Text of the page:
Announcing Statoshi: Realtime Bitcoin Node Statistics

I’ve been on a quest for the past several months since I first asked the question: how many Bitcoin nodes is enough? In order to better understand what is actually occurring on the Bitcoin network, I came to the conclusion that we need more insight into the internal operations of the Bitcoin nodes. As a result, it is my pleasure to announce the Statoshi project, an open source fork of Bitcoin Core that logs metrics to StatsD. If you run a Bitcoin full node, you may be interested in switching it out with the Statoshi fork so that you can monitor how it is interacting with its peers.

Here are some of the metrics that you’ll see logged:

/stats/message/received/<messageType> /stats/message/sent/<messageType>

“addr” messages sent and received per second
“inv” messages sent and received per second


block announcement “inv” messages received per second


Rejected transactions by reason per second. We can see that duplicate transaction attempts are the most common rejections.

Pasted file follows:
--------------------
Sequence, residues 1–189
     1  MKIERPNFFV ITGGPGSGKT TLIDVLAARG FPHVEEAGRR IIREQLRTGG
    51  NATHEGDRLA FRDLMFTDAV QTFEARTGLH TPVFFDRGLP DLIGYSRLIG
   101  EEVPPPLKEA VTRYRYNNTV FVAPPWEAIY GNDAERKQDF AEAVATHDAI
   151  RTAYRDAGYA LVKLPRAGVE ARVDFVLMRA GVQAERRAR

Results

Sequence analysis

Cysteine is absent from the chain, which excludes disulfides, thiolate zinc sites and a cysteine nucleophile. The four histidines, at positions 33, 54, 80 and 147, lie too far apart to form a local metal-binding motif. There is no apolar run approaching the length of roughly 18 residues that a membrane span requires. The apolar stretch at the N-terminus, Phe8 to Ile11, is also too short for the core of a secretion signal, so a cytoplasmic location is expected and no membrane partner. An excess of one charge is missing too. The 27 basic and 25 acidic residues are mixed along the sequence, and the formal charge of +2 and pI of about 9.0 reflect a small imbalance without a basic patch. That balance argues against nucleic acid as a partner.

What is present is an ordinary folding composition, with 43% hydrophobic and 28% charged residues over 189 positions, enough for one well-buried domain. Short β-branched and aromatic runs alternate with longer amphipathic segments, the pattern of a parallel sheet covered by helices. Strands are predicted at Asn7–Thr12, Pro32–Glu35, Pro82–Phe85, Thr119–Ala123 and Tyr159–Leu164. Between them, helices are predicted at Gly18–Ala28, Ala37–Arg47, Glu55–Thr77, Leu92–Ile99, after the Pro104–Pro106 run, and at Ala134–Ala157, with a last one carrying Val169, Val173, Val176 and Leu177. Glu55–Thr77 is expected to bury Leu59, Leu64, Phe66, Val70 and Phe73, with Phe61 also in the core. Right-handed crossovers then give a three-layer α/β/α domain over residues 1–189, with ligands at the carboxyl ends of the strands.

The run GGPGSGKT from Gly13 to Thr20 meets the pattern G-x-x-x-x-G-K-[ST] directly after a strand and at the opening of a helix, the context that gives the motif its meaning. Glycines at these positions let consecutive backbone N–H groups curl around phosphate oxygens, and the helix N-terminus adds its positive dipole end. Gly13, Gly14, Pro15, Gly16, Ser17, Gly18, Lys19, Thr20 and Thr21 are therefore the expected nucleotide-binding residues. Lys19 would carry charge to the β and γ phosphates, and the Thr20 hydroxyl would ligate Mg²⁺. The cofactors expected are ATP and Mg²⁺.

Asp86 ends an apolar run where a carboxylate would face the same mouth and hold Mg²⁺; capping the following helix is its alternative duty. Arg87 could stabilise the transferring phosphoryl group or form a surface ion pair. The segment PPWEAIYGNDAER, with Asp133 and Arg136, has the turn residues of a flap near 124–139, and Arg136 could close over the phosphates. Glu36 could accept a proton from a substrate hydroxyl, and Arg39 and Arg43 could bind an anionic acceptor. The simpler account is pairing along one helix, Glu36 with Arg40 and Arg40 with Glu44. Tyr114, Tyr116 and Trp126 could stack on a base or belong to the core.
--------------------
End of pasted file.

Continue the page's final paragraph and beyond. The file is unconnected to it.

Timers are the milliseconds of wall time that it takes to execute a given function. Graphite will give you quite a few different breakdowns of timer metrics.

/stats/timers/<FunctionName>_<TimeUnit> — Time Units are “ms” (milliseconds) and “us” (microseconds)

Milliseconds to execute the “CheckInputs” function, separated into lower, median, and upper bounds.


Peer connections and disconnections per second.


Total peer connections. You can see when the node was restarted. Note: I modified my node to support more connections than the default 125.


Bytes received per second and bytes sent per second. We can see the downstream bandwidth usage is fairly constant while upstream is spiky.


Total bytes sent and bytes received since node was started. You can see the loss of Internet connection between 15:00 and 16:00

If you want to install and run a Statoshi node yourself, you can find the instructions here!